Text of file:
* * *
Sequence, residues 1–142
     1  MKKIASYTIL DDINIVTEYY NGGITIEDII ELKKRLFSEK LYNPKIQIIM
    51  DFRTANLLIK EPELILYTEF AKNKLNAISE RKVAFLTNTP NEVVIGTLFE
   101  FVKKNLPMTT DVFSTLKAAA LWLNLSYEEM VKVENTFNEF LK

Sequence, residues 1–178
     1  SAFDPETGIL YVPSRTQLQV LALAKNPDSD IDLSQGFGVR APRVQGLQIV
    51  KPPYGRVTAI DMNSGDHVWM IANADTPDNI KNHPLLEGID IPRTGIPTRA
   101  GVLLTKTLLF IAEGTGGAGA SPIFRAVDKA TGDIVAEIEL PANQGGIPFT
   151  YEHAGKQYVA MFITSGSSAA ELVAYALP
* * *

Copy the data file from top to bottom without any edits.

Sequence, residues 1–142
     1  MKKIASYTIL DDINIVTEYY NGGITIEDII ELKKRLFSEK LYNPKIQIIM
    51  DFRTANLLIK EPELILYTEF AKNKLNAISE RKVAFLTNTP NEVVIGTLFE
   101  FVKKNLPMTT DVFSTLKAAA LWLNLSYEEM VKVENTFNEF LK

Sequence, residues 1–178
     1  SAFDPETGIL YVPSRTQLQV LALAKNPDSD IDLSQGFGVR APRVQGLQIV
    51  KPPYGRVTAI DMNSGDHVWM IANADTPDNI KNHPLLEGID IPRTGIPTRA
   101  GVLLTKTLLF IAEGTGGAGA SPIFRAVDKA TGDIVAEIEL PANQGGIPFT
   151  YEHAGKQYVA MFITSGSSAA ELVAYALP